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Cook's outdoor summer hockey rink in Bemidji a training asset

Brendan Cook, left, and Jesse Nemgar, right, shoot pucks on the synthetic hockey rink in Cook's backyard in Bemidji. Pioneer Photo Eric Stromgren

Brendan Cook was skating in his backyard hockey rink at his Bemidji home Thursday afternoon as sunlight shined through a canopy of trees, a summer breeze fluttered the leaves and a few stray mosquitoes buzzed about.

"This is something I've wanted to do for awhile," said Cook, a former Bemidji State hockey player and six-year professional. "It's not big enough to get out of first gear, but it's great to have my skates on and feel like I'm on the rink in the summer."

Backyard hockey rinks in the winter are normal around these parts but Cook might have the only outdoor summer rink in northern Minnesota. The synthetic surface of interlocked, dense plastic panels measures 750 square feet and is surrounded by homemade wooden boards.

"You can skate on it and it feels like ice," Cook said as he made a hockey stop - minus the flakes of snow. "It's great for my game being able to shoot out here with skates on. You can glide on it. You can stop and start on it. You can make tight turns and it's something you don't see very often."

Cook purchased his rink from Kwik Rink Synthetic Ice, a Maple Grove-based company which makes the panels for professional and residential use. The company sells the product throughout the world at a cost starting at $185 per each four-by-eight foot panel.

Cook installed the rink a few weeks ago by ripping up a corner of his back yard and laying down a concrete base. He then pieced together the dovetailed panels and locked them together with a hammer to make hockey possible in the summer.

His 17 month old son, Jaxon, has taken an interest in the rink and like his dad spends time shooting at the net.

"I think he will probably put on his skates for the first time next summer and learn how to skate on this," Cook said.

The rink is more than just a summertime perk. It is an offseason development tool and business investment.

Cook will play professionaly next season in Denmark for Sonderjyske and being able to take hundreds of shots per day to perfect his skills is a major asset of the outdoor synthetic rink.

The rink is also part of Get The Edge Hockey, Cook's offseason workout training program business he bases out of Bemidji.

Most of Get The Edge Hockey workouts are done at Bemidji State and Cook's program is targeted to improve hockey players. Get the Edge Hockey has been in business since 2007 and includes weight training, pylometrics, acceleration training, aerobic/anerobic training and core training.

The rink adds another teaching option for shooting mechanics, puck handling and other puck-based skills.

"Hockey training has evolved so much and it's always changing," Cook said. "You have to be altering yearly to stay current."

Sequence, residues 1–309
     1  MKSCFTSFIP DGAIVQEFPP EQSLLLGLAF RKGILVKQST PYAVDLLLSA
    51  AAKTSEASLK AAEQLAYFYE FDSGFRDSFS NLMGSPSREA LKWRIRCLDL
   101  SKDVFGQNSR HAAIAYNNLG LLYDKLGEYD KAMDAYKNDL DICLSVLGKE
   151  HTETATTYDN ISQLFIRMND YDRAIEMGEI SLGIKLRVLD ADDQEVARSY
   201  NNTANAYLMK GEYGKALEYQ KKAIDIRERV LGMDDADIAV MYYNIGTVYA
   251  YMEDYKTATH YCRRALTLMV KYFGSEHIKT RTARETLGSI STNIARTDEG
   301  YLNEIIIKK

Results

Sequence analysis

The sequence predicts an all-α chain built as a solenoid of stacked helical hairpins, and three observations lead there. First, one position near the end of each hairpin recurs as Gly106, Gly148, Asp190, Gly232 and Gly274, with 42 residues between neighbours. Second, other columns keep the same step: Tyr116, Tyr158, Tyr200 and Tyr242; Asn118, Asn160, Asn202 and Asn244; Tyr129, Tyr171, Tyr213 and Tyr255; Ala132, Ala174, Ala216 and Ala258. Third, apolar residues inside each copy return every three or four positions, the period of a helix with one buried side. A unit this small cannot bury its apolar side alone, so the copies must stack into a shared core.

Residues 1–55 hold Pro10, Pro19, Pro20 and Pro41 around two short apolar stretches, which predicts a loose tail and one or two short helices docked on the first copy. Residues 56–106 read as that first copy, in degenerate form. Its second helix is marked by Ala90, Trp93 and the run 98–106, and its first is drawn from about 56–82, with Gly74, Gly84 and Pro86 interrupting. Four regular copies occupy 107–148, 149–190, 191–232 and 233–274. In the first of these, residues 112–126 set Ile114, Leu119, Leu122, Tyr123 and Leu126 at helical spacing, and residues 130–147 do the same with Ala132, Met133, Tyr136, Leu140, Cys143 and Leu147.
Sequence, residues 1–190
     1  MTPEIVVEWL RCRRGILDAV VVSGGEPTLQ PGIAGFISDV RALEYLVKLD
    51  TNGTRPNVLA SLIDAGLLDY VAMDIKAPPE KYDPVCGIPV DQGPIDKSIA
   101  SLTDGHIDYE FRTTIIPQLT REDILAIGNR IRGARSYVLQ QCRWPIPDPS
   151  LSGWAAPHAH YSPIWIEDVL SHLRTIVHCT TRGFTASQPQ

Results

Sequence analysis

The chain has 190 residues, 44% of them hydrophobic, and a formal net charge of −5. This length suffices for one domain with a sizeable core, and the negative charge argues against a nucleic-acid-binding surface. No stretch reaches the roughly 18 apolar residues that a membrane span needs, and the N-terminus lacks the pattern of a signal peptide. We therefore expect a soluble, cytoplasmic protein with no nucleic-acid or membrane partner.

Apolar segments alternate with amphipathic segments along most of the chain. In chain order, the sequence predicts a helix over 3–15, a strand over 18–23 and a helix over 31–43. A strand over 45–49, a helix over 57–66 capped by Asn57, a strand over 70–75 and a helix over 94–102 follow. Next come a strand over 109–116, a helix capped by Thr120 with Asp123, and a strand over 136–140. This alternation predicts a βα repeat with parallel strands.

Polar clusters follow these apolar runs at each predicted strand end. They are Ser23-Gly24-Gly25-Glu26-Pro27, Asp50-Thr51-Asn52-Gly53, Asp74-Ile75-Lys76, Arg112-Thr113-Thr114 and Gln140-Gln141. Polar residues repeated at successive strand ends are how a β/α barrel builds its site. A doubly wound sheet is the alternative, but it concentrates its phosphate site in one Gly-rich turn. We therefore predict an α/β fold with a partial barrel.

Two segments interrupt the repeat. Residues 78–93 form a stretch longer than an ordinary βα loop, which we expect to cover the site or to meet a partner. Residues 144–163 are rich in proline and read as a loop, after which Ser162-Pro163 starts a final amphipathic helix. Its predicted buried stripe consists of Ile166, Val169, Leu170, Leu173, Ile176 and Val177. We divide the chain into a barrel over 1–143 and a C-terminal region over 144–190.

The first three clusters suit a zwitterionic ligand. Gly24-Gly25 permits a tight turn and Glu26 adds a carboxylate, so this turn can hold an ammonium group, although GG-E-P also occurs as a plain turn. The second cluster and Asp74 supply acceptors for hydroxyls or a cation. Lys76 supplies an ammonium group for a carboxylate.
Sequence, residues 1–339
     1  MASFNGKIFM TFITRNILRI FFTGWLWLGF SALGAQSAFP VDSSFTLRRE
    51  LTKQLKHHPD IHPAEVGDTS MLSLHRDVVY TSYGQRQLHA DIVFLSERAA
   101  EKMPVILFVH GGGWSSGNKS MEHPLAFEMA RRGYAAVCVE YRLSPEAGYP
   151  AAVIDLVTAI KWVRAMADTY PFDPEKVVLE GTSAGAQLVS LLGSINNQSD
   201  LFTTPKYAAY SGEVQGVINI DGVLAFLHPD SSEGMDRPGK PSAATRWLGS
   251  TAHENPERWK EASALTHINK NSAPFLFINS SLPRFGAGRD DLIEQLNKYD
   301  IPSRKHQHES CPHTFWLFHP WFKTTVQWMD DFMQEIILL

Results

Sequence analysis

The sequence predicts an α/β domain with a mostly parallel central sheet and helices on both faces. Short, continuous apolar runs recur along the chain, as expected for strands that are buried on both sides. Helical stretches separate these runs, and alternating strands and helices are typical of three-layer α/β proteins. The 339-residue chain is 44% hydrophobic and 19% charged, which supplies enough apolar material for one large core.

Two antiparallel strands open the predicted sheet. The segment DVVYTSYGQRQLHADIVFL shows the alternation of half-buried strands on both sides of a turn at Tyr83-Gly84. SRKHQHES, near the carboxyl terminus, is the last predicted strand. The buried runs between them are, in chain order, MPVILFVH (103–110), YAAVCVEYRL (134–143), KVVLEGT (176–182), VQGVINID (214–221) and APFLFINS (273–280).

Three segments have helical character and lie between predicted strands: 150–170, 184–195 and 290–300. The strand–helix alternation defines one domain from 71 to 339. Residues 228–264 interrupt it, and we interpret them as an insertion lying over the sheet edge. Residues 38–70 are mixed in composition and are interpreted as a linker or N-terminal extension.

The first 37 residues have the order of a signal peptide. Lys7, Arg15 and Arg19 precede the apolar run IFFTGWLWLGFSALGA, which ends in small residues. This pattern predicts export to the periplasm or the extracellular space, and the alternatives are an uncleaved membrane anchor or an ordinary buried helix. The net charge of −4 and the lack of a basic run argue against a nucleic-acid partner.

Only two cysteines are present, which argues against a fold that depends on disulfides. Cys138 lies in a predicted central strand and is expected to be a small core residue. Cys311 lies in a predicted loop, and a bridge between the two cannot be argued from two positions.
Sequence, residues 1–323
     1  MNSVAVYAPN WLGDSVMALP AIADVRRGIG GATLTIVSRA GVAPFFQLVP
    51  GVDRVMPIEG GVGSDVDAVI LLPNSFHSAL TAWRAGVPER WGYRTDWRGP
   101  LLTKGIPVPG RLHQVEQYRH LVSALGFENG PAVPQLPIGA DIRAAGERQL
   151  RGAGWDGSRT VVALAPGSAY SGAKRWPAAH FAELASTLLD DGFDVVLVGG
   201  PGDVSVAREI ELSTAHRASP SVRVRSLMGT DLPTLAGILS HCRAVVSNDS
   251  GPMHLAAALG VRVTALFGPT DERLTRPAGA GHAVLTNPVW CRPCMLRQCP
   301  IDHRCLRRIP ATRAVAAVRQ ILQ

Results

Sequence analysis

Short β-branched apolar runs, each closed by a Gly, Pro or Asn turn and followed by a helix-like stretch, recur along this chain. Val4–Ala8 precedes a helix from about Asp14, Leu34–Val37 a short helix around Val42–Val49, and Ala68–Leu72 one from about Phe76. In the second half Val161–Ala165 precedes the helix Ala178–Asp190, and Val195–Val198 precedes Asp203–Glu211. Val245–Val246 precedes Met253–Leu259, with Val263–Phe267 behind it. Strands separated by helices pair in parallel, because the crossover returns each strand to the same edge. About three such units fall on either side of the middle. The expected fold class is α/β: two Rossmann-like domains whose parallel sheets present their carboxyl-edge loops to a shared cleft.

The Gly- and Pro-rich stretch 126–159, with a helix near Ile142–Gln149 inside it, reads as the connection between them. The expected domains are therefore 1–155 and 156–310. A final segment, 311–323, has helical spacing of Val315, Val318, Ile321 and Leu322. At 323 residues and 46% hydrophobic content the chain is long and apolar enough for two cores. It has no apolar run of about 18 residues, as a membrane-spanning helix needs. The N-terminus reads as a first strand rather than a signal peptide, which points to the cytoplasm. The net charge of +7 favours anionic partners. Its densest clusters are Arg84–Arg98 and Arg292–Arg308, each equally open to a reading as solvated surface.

Cook, a native of Reston, Manitoba, started developing the program during his playing days at Bemidji State when he switched his major to exercise science. He said BSU assistant coach Bert Gilling was a 'huge mentor' during his time with the Beavers in helping him become a better hockey player.

"I was really fortunate to come to Bemidji," Cook said. "I came here as a 19-year-old freshman and I was talented but not strong enough. I was never able to generate enough time and space."

Cook went on to score 108 points in his BSU career. He scored 55 goals from 2001-05 and is one of only three Beavers to score more than 50 career goals in the Division I era (Luke Erickson, Matt Read).

He has since spent time playing as a professional in the ECHL, CHL and British Elite League. He played for Braehead in Scotland last season.

Cook developed different aspects to his program from a variety of sources. Some parts come from his experiences in professional camps and techniques he learned in Europe. He derived some parts from a camp he attended with NHL players Scott Hartnell and Ryan Malone.

"I work from the same book with all my clients but I tailor it to each individual player," Cook said. "I feel like I have absolutely the best program to get faster and stronger. It is my belief that I have the best program any hockey player could do."

Cook started Get The Edge Hockey in 2007 and has worked with many local players including BSU alumni Tyler Scofield, Matt Dalton, Blaine Jarvis and Ian Lowe. He has also worked with former Bemidji High School players Sarah Erickson and Jesse Nemgar.

Cook's pro training group this summer includes Nemgar, Scofield and Lowe.

Nemgar will attend St. Scholastica in Duluth next season and play hockey for the Saints. He was out shooting on Cook's rink Thursday.

"It feels pretty realistic," Nemgar said of the rink. "The program really gives me motivation to work out and it's great getting the chance to be around these pros. It's a lot better for me to train here than a place like the Twin Cities because if I go there I'm training with kids my own age and here I'm training with more skilled players."

Cook said he considers Bemidji his home and lives in town with his wife, Missy, during the offseason.

"We're very fortunate to be able to come back here and live in the summers when it is so beautiful," he said. "It's small town and friendly here. We're that kind of people. We love it here."